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Freeview intermittent interference

When you get occasional sound loss or picture freezes

When you get occasional sound loss or picture freezes
published on UK Free TV

There are several different types of interference that cause problems. This page deals with the situation where:

  • Freeview reception is perfect or near-perfect most of the time
  • The audio on TV and radio channels mutes momentarily a few times each minute
  • The picture on a Freeview channel freezes a few times each minute


There are two main causes of this type of intermittent interference:
  • 'Induction' interference
  • Mobile phone interference


Induction interference

Induction interference is caused by mains-powered household devices that contain a large motor, such as:
  • Washing machine;
  • Tumble dryer;
  • Central heating pump or combination boiler;
  • Fridge;
  • Freezer;
  • Power tools (drills, jigsaws etc)
  • Vacuum cleaners;
  • Water pumps;
  • Automatic doors


You can identify if one or more of these devices is causing the Freeview reception problem by powering off the devices.

If one of these devices is causing the problem, then the reception problem can usually be solved by using a mains filter device and use it on the Freeview boxes mains connection.



Such as device is this: Maplin: 6-Way Flat Screen and HDTV Surge Protector and Mains Filter.

Mobile phone interference

If you keep a mobile phone by your Freeview box or digital television, keep it further away!

This also applies to other transmitters such as baby monitors, video senders, walkie talkies, and portable phones.

Help with Freeview, aerials?
How do I get a test card with Freeview1
I would like to know if it is possible to receive UK terrestrial Freeview servic2
I have been told I would receive too much singal from my Freeview tansmitter as 3
Can my Freeview box receive more than one BBC and ITV region?4
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In this section
Official aerial installers guide to the TV spectrum future1
Which free digital TV system will give me the most reliable reception?2
High pressure causing channel loss through "Inversion"3
Digital Region Overlap4
Freeview reception has changed?5
Two frequency interference 6

Comments
Sunday, 1 December 2013
J
jamie stevens
sentiment_satisfiedSilver

5:20 PM
Havant

Emma:

for people to assist with likely problems its easy to know the postcode of the property, we can then check the local terrain and which transmitter your using.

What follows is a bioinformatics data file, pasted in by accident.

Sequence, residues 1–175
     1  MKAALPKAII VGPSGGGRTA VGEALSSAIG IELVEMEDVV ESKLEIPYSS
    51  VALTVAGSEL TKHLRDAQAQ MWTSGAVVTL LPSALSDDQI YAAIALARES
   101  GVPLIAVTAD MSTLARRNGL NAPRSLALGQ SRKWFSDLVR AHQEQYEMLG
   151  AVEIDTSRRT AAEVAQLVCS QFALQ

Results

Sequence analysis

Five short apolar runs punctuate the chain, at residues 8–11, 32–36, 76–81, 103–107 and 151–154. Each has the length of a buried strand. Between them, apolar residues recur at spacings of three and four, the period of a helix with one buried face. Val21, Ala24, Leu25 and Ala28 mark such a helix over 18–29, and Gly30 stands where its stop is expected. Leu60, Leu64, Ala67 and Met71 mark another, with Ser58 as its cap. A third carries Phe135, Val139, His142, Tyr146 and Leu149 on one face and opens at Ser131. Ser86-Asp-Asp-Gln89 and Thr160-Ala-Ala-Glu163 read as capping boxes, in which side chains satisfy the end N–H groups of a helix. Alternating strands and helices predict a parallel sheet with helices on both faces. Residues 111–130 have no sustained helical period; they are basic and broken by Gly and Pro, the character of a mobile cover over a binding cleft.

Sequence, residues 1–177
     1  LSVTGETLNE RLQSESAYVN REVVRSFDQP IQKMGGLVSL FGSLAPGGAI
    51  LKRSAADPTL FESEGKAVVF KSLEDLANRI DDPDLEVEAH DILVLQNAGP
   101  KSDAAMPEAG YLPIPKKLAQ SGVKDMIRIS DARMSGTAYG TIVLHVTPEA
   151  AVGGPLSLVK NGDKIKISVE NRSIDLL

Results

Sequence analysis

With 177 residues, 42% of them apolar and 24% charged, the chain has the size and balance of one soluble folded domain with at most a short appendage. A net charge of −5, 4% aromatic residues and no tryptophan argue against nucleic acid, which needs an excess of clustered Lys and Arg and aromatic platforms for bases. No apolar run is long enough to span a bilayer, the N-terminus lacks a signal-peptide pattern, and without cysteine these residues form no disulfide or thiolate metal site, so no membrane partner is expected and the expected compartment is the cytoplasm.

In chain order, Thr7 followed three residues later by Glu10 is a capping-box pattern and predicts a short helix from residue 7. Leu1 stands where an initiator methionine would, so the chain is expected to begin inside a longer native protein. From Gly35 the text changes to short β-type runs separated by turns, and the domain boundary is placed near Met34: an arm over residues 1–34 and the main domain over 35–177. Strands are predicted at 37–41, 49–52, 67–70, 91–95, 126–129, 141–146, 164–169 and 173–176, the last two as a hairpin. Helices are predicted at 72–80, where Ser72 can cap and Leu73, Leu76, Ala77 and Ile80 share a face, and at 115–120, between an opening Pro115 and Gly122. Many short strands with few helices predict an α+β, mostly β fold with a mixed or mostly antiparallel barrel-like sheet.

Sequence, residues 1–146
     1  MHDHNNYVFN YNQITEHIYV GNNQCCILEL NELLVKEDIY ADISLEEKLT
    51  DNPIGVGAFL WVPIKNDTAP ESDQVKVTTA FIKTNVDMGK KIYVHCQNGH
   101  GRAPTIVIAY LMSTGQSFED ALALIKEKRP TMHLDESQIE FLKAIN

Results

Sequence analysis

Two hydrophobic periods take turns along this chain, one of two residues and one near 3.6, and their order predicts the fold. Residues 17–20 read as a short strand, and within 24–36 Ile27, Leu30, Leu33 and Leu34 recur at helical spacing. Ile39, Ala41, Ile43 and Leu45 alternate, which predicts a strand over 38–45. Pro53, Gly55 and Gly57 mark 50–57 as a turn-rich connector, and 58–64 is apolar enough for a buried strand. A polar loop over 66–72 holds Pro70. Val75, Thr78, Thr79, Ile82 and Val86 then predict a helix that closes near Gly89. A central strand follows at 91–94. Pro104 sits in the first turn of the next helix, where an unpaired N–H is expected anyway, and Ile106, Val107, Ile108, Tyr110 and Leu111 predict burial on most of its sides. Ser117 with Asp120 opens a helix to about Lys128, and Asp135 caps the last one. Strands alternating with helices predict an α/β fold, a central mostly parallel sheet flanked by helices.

If a signal is marginal (iffy) then you are more likely to have problems at night rather than during the day.





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jamie stevens's 207 posts GB
Monday, 2 December 2013
E
Emma
7:44 AM
Newton Abbot

Ah ok, my postcode is TQ12 3AN....Thanks

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Emma's 3 posts GB
Thursday, 12 December 2013
M
Mr Fowler
7:07 PM
Burnham-on-crouch

CM0 8QD, like everyone else here we have 2 aerials, one aimed at Sudbury, one aimed at Dover. We've had intermittent reception on the commercial channels in the last 2 days.
The aerials feed into the vhf and uhf inputs on an amplified splitter. What is the best way of feeding 2 aerial signals - both into the vhf input? Should we only feed one full signal transmitter, and one public broadcast transmitter into the splitter? Regrettably yhe local Burnham on Crouch public service transmitter beams in the opposite direction to our house.

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Mr Fowler's 1 post GB
MikeP
sentiment_very_satisfiedPlatinum

8:08 PM

Mr Fowler:
Using the VHF input is a real problem. The signals you are want to use are *UHF* so will not pass through a VHF filtered input properly.

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MikeP's 3,056 posts GB
Dave Lindsay
sentiment_very_satisfiedPlatinum

8:09 PM

Mr Fowler: Over the last couple of days there has been a lot of reports of co-channel interference, with reception of French channels reported. The area affected, according to reports seen on this website is the east of England from Yorkshire southwards through East Anglia and Cambridgeshire to Kent and Sussex.

Ideally, two TV aerials should be combined using a diplexer:

Television Aerial Boosters / Amplifiers, Splitters, Diplexers & Triplexers

Unfortunately though, the PSB and COM channels used by Sudbury and Dover respectively can't be combined with a C51 diplexer as COM6 wouldn't be available (it being on C48).

Alternatively, combining Burnham and Dover with said diplexer would leave you without COM6 from Dover and without PSB2 (C49) from Burnham.

I would suggest that the Burnham relay might serve you, the coverage map on this site appearing to be wrong. I say this having looked at the photos of the transmitter:

mb21 - The Transmission Gallery

The trough antenna part way up the tower points to Sudbury which is roughly due north. The sets of crossed logs at the top are the broadcast antennas and are pointing roughly 45 degrees clockwise of the receive trough. This would make sense as Burnham-on-Crouch is to the north east of this site!

You appear to have clear line-of-sight to Dover which is 41 miles away:


Terrain between ( m a.g.l.) and (antenna m a.g.l.) - Optimising UK DTT Freeview and Radio aerial location


The downside is that this is over 15 miles of water which can be prone to mist which might inhibit the signal. It is also the case that your aerial is pointing towards France.

Clearly there is no given as far as receiving the COM channels goes. Despite also being 41 miles away, you don't have line-of-sight with Crystal Palace. If you did then that would be possible to diplex with Burnham or Sudbury for PSBs.

One observation I will make is that the bearing of the Burnham relay and of Bluebell Hill in Kent is only three degrees apart, and they are both horizontally polarised.

The terrain plot would suggest that you probably have line-of-sight to it at 25 miles:


Terrain between ( m a.g.l.) and (antenna m a.g.l.) - Optimising UK DTT Freeview and Radio aerial location